• Demographics: As long as the GOP has a crisis with Latino voters, there is a built-in Democratic edge in several key states. New Mexico, not long ago a presidential swing state, is barely mentioned as a potential GOP target. And Nevada is a competitive tossup despite the highest unemployment rate among the states and a punishing housing crisis.


Yet the challenges are obvious. While his path to 270 has more room for error, it is very different from the lopsided Democratic advantage in 2008.
Then-Sen. Obama won three states that hadn't voted Democratic for president in more than a generation -- Indiana, North Carolina and Virginia. His campaign already concedes Indiana is an almost-certain red state this year, and North Carolina and Virginia are tossups. So are Wisconsin, Iowa, Nevada and Colorado -- all states where the president's margin was fairly comfortable four years ago.The economy is of course the driving force behind the very different 2012 map and mood.

The unemployment rate in February 2009 -- Obama's first full month is office -- was 8.3%. Last month, it was 8.3%. 
To the Romney campaign, that is proof the president's economic policies have failed. The Obama team, in turn, notes that unemployment hit 10% in October 2009, and argues that the president's policies are, albeit slowly, helping pull the economy out of a deep recession he inherited.

In any event, the jobless numbers and other economic data make it all but impossible for the president to make the case Americans are better off today than they were four years ago.
So his convention priority is to make the case that his approach is the better, fairer path to sustained recovery. The primary target: independents and conservative Democrats in battleground states.
"The thing I most love about them is how they discovered the middle class at their convention," Vice President Joe Biden mockingly told a crowd Sunday in Green Bay, Wisconsin -- pushing the fairness argument. "Wasn't that amazing? All of a sudden their heart was bleeding for the middle class."
Just as critical, if not more so, is the Obama tactical imperative of using the convention to re-energize his 2008 base.
"Don't boo - vote," was the president's weekend appeal to a Colorado college audience, and it is a snapshot of the 2012 nuts-and-bolts approach of a campaign team that understands it cannot rely on the dynamics that motivated 2008 Obama voters.
To be sure, he continues to enjoy a huge edge among African-Americans, Latinos and younger voters.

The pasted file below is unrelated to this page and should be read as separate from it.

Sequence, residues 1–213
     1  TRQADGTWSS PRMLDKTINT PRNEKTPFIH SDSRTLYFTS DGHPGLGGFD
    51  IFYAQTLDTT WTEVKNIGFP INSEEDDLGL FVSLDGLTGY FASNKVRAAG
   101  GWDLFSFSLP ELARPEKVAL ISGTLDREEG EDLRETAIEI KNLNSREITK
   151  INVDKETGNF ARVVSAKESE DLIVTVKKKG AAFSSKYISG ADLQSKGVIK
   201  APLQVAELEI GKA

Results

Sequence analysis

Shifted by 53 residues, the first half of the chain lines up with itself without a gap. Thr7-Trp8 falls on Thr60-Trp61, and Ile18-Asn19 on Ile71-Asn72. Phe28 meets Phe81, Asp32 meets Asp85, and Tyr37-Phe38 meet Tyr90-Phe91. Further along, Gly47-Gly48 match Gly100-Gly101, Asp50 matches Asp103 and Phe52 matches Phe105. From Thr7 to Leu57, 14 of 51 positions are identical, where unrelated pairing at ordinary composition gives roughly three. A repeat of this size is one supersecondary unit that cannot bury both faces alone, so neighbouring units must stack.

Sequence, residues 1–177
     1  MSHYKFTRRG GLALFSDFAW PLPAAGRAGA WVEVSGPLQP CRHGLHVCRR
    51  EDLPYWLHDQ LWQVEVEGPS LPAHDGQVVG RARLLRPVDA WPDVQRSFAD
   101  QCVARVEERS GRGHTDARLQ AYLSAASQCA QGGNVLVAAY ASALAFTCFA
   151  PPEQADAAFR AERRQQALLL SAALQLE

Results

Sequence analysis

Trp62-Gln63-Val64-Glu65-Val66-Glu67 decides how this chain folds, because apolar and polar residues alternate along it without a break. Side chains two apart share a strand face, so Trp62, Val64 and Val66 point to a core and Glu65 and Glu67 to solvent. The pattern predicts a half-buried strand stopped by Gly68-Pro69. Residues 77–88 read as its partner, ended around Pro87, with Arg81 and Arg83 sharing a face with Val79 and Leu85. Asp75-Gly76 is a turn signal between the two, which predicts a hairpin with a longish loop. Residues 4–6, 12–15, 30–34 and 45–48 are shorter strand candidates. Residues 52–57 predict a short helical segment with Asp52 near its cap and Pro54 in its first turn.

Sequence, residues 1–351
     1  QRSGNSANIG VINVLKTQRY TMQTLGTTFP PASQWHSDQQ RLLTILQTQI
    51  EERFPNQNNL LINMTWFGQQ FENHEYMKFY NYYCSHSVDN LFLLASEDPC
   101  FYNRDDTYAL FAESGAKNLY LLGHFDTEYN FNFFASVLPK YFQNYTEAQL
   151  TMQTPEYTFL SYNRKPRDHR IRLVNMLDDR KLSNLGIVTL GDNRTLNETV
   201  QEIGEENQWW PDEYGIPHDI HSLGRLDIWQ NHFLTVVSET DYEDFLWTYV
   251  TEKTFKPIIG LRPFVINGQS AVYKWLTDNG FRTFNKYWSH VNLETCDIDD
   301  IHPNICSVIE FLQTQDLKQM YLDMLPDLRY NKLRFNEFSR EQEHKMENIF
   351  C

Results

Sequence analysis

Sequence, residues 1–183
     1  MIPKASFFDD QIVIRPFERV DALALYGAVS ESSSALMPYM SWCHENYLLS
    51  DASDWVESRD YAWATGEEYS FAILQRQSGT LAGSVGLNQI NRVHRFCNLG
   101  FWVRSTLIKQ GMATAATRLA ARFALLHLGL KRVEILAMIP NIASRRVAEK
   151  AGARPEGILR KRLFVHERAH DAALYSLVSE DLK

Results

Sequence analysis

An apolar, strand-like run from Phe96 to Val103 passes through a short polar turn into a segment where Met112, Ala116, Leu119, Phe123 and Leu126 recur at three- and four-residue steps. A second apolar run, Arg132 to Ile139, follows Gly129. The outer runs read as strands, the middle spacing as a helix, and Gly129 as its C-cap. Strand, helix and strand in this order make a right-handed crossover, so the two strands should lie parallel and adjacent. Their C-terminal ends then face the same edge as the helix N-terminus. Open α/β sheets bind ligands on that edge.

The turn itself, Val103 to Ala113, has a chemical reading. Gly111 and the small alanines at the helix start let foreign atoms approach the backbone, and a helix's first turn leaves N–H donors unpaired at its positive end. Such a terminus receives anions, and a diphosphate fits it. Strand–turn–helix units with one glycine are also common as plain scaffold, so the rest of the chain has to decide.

But if Romney can make even marginal gains among those groups, or turnout dips even slightly, or both, it could make the difference in several key battlegrounds. The convention state of North Carolina is a test case of Obama 2012 vs. Obama 2008 in the ground game.

Also noteworthy in Charlotte, though likely somewhat less obvious than it was in Tampa, will be the 2016 factor. 

Joe and Jill Biden have busy Charlotte schedules, and the vice president of course has a coveted speaking slot. Biden is 69, meaning he would be 73 at the 2016 convention, but he has not ruled out a third try for his party's presidential nomination.
Ryan set to campaign on 'are you better off' question 
Hillary Clinton will have no Charlotte role -- inappropriate, she says, for a secretary of state. But as much as she says she is done with politics when this first Obama term ends, the convention has no shortage of Clinton loyalists, including her husband, the former president.
From there, as in Tampa, the focus will be on ambitious next-generation prospects, among them Govs. Martin O'Malley of Maryland, Deval Patrick of Massachusetts and, for the first time in years, perhaps a Cuomo -- New York's governor, Andrew. 
To look at a map searching for Democrats of the future though, is to be reminded of a painful truth for the party gathering in Charlotte: President Obama is their undisputed leader, but the Obama presidency has been a time of deep Democratic decline. 
When Obama took office Democrats held:

• 56 Senate seats. It is 51 now (plus two independents who align mostly with the Democrats).

• 257 seats in the House of Representatives. It is 190 now (there are also three vacancies for seats last held by Democrats). 

• 29 of the 50 governorships. It is 20 now.

• 4,073 state legislative seats. It is 3,319 now.

 


© 2012 Cable News Network, Inc., a Time Warner Company. All rights reserved.